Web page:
Texas law states that "a person may not withdraw or withhold life-sustaining treatment under this subchapter from a pregnant patient," but the judge determined it doesn't apply to Munoz because she is already legally dead. In Texas, death is legally defined as "the "irreversible cessation of the person's spontaneous respiratory and circulatory functions," according to the Munoz family's legal filing.
According to the suit, the hospital interpreted the law in a way that "makes no sense and amounts to nothing more than the cruel and obscene mutilation of a deceased body against the expressed will of the deceased and her family."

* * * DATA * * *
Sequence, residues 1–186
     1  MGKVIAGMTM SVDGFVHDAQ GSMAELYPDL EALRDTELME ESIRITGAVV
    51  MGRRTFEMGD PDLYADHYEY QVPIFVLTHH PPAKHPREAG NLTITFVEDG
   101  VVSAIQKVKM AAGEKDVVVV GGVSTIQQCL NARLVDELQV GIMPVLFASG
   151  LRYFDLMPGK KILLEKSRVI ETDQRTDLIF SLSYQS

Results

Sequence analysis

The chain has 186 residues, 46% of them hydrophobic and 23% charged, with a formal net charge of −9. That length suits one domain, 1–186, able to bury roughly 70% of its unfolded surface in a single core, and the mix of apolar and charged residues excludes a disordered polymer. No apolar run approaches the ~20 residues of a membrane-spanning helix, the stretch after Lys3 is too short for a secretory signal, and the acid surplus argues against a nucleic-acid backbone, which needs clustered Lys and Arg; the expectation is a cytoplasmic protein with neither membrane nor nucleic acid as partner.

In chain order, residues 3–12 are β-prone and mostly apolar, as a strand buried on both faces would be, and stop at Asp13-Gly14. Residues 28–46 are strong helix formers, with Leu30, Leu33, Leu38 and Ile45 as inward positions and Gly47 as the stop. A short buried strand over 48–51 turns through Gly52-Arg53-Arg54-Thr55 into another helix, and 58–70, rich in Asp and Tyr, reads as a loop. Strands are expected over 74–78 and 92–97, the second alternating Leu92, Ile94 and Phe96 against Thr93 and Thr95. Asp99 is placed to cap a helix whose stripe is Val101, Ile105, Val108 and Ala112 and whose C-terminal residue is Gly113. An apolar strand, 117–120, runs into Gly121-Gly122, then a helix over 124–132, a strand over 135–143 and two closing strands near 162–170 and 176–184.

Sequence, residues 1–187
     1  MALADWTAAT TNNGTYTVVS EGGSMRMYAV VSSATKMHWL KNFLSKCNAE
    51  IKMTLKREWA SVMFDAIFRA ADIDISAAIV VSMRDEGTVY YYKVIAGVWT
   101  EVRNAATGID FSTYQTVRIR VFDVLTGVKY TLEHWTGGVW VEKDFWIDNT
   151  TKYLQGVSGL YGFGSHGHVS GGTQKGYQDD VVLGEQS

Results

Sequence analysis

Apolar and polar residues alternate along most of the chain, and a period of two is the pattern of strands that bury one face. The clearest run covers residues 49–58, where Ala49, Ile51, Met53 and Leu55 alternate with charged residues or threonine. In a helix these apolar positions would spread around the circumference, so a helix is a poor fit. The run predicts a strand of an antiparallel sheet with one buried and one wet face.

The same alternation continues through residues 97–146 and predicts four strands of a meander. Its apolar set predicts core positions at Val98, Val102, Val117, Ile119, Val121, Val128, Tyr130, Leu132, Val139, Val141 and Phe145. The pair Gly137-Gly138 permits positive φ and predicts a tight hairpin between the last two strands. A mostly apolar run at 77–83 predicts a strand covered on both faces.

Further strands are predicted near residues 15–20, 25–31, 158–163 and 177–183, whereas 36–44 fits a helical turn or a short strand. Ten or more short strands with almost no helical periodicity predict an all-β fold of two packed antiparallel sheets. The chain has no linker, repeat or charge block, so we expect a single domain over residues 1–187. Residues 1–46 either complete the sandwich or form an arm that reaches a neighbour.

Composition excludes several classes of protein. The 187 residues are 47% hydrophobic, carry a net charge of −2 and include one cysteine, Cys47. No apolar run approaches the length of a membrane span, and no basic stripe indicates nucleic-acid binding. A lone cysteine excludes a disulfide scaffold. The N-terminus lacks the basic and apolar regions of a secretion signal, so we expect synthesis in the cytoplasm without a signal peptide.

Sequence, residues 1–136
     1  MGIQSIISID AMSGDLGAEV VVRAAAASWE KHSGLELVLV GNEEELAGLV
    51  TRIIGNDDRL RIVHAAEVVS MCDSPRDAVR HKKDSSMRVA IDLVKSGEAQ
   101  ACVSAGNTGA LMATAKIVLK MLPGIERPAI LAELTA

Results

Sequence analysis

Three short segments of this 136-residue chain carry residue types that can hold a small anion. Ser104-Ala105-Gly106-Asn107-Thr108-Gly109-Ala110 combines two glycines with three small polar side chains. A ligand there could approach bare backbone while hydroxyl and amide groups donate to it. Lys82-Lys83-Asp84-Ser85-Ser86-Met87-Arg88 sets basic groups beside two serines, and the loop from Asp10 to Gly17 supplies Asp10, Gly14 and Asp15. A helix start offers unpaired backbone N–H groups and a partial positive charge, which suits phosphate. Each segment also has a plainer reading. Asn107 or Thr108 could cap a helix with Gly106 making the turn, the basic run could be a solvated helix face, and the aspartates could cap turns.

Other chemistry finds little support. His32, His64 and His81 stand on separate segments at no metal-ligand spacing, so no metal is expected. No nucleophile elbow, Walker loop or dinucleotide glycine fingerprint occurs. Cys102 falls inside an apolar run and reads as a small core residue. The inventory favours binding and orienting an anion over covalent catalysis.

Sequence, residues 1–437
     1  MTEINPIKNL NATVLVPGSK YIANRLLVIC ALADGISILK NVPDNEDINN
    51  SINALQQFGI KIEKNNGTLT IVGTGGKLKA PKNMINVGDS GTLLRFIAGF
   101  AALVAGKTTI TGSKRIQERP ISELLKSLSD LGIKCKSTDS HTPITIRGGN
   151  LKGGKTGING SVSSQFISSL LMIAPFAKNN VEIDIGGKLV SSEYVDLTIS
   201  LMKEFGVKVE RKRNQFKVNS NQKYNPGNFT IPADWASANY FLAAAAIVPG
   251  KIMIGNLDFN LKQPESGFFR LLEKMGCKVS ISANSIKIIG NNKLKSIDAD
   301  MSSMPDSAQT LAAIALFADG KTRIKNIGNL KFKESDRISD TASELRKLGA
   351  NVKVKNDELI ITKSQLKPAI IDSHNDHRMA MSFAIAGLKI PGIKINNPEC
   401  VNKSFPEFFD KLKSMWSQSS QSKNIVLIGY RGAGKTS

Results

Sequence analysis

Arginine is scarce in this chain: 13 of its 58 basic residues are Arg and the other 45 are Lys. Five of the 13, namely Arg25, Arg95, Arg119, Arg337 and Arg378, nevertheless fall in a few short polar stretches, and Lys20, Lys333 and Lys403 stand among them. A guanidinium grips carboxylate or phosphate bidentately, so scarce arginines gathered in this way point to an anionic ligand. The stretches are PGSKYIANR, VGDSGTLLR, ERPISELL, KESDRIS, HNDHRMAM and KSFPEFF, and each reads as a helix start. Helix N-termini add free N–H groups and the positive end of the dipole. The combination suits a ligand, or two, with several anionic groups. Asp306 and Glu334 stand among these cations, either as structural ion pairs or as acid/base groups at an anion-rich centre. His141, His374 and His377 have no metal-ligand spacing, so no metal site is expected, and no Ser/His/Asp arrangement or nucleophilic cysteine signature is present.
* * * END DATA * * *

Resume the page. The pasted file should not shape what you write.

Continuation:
They also questioned whether the law was constitutional, but the judge did not make a ruling.
Because John Peter Smith Hospital is a local public hospital, the Tarrant County District Attorney's office represented it. On behalf of the hospital, the office filed its response to the suit last week, in which it denied all allegations.
The family's heartbreak began on Nov. 26, when Munoz got out of bed in the middle of the night because her 14-month-old son, Mateo, began to cry, Machado said. When the baby continued to cry and Munoz didn't return, Munoz's firefighter husband got up too. That's when he found Munoz on the kitchen floor. She was not breathing and had no pulse. Her skin had taken on a bluish color, Machado said.
Doctors suspect she had a pulmonary embolism, or a blood clot in the lungs, but they won't know until an autopsy can be performed, Machado said.
"It's hard to reach the point where you wish your wife's body would stop," Erick Munoz told ABC News' Dallas-Fort Worth affiliate WFAA-TV.